Media Contacts

Office of Media Relations
2000 Pennsylvania Avenue NW
Suite 300
Washington, D.C. 20006

Phone: 202-994-6460
Fax: 202-994-9025
E-mail: [email protected]


Swimming Without a Trace—Building a Machine to Mimic What Sea Lions Naturally Do

A student of Dr. Leftwich observes a sea lion at the Smithsonian's National Zoo
Photo credit: William Atkins/The George Washington University

GW Professor Designs Robotic Foreflipper That Mimics Mammal’s Movement, Hoping it Will Aid Mechanical Innovation in Intelligence Community

August 10, 2015
Emily Grebenstein: [email protected], 202-994-3087
Kurie Fitzgerald: [email protected], 202-994-6461
WASHINGTON (Aug. 10, 2015)—At a maximum speed of 25 miles per hour, sea lions may not be the fastest-swimming mammal in the sea. But they are unrivaled when it comes to stealth—their signature clap-and-glide flipper motion propels them through water and leaves virtually no wake. 
Megan Leftwich, a George Washington University professor of mechanical and aerospace engineering, took notice of this anomaly during a visit to the Smithsonian National Zoo with her children in 2013. While other mammals use their tails or additional fins to help them swim, leaving wakes, sea lions flip and spin without the added help, and without the wake. Dr. Leftwich wondered how they did it and, being an engineer, she speculated whether researchers could replicate the motion. 
“Sea lions swim with their foreflippers, or front flippers, rather than their tail and their propulsive motion is barely detectable,” Dr. Leftwich said. “What we’re trying to do is apply this mechanism to man-made objects. Can we build an underwater vehicle that can go undetected?”
To answer this question, Dr. Leftwich and her team videotaped sea lions swimming at the Smithsonian's National Zoo to capture the foreflipper’s movement frame by frame and track points on their “arms” to mathematically describe the flapping motion. They used the mathematical description to design a plastic robotic arm that mimics a sea lion’s shoulder, elbow and wrist joints. 
Then, Dr. Leftwich 3-D scanned and printed a sea lion foreflipper to cover the “arm” with a silicone version of the skin to study the possible effect wrinkles and hairs have on the drag when swimming. These studies were conducted in GW’s Science and Engineering Hall using flow diagnostic techniques to chart the fluid’s movement and the forces it takes for a sea lion to move its foreflipper.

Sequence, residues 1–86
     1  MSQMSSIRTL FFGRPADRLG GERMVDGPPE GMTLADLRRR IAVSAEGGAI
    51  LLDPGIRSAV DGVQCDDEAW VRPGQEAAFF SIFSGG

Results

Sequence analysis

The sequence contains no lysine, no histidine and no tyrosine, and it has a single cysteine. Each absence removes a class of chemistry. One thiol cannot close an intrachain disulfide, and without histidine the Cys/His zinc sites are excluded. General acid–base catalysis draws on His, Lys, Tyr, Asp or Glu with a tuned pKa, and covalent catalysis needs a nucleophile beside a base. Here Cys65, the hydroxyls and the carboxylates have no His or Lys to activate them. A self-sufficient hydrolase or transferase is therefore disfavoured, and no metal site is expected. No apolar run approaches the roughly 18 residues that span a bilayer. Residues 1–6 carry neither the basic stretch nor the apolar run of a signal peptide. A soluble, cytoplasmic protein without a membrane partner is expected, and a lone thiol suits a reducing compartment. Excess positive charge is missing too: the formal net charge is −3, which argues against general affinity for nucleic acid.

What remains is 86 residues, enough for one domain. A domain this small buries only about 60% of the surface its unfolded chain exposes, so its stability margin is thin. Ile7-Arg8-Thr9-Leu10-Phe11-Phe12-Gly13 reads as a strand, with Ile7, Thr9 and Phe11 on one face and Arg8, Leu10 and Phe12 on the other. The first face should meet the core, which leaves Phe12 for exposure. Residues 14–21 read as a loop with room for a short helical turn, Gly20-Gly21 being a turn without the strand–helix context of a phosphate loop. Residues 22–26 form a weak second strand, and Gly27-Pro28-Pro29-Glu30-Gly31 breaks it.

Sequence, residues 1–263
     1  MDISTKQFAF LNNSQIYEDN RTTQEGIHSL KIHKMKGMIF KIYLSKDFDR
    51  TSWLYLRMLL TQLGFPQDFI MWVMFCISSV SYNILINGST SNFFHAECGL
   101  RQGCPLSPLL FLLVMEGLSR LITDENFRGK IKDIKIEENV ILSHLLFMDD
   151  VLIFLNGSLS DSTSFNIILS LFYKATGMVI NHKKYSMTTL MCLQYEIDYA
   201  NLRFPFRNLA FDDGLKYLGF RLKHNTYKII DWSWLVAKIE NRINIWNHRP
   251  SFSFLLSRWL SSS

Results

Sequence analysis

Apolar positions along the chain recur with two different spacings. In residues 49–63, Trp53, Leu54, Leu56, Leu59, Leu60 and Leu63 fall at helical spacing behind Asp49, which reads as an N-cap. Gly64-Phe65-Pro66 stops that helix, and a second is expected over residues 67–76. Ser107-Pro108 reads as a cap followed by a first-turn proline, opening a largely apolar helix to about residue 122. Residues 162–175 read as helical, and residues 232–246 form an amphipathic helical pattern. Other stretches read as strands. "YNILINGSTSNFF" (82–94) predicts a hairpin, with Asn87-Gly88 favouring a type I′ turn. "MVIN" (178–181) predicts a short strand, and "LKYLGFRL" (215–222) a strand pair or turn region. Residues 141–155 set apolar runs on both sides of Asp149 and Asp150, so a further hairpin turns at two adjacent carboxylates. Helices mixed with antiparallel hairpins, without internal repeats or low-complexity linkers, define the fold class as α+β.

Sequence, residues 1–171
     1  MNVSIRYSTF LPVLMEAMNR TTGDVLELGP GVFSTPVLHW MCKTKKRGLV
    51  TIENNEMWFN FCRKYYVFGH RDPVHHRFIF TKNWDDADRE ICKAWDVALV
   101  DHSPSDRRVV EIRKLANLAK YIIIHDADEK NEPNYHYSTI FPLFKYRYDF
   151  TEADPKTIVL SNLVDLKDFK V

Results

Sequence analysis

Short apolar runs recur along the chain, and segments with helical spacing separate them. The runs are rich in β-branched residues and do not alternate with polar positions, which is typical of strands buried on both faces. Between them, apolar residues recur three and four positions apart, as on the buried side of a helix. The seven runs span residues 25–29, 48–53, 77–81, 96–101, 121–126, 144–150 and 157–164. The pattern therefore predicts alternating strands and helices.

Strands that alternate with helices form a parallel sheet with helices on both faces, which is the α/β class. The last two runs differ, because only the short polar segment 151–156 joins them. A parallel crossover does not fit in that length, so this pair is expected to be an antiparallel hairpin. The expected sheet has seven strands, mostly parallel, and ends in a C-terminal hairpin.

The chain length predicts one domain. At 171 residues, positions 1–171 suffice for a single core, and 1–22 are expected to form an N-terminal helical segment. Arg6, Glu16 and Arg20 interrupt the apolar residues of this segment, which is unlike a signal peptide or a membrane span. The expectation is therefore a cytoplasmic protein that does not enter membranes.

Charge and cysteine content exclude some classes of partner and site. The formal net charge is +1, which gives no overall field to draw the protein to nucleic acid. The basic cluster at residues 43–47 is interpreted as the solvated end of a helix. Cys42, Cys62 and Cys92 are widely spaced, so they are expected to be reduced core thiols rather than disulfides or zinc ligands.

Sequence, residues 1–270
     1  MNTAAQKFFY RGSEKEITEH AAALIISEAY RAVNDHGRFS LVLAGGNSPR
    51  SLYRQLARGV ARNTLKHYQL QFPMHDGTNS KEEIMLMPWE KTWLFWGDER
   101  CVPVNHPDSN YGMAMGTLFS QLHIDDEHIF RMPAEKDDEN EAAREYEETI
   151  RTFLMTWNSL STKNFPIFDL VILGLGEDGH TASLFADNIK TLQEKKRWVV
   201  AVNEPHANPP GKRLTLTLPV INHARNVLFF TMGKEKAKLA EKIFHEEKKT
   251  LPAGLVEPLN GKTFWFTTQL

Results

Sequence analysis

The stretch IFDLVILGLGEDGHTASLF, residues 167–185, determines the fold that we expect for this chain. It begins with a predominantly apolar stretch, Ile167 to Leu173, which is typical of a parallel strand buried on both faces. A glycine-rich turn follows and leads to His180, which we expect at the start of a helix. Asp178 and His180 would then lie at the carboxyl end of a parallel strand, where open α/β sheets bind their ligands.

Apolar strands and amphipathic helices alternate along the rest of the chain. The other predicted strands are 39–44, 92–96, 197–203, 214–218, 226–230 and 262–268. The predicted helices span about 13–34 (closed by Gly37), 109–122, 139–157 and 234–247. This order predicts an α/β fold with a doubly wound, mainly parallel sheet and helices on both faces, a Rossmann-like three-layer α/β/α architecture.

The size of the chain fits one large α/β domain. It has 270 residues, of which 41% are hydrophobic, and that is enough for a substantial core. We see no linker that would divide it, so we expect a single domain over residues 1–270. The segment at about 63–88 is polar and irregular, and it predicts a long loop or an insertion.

Dr. Leftwich chronicled her research in a paper published last month in the Journal of Aero Aqua Bio-mechanisms. Her next step is to bring the robotic foreflipper to SLEWTHS (Science, Learning and Education With The Help of Sea Lions), a teaching aquarium in California, to test her experiment directly with animals in their natural habitat. 
“Observational studies like these are the first step in a research program that will lead to deep understanding of this unique swimming paradigm,” Dr. Leftwich said. “Now that we’ve done the preliminary studies at the National Zoo, we need to test the theories we’ve developed on foreflippers in a lab involving scientifically trained sea lions.”
Dr. Leftwich hopes her research may one day lead to larger machine-based underwater projects, such as searching for shipwrecks or disarming underwater bombs in autonomous vehicles. 
Multimedia Resources
Click here for photos 
Click here for video and here for b-roll 
Click here for Smithsonian video
School of Engineering and Applied Science
GW’s School of Engineering and Applied Science prepares engineers and computer scientists to address society’s technological challenges by offering outstanding undergraduate, graduate and professional educational programs, and by providing innovative, fundamental and applied research activities. The school has six academic departments, 11 research centers, 90 faculty and more than 2,500 undergraduate and graduate students. Core areas of excellence include biomedical engineering, cybersecurity, high performance computing and simulation of engineering systems, nanotechnologies, robotics and systems engineering.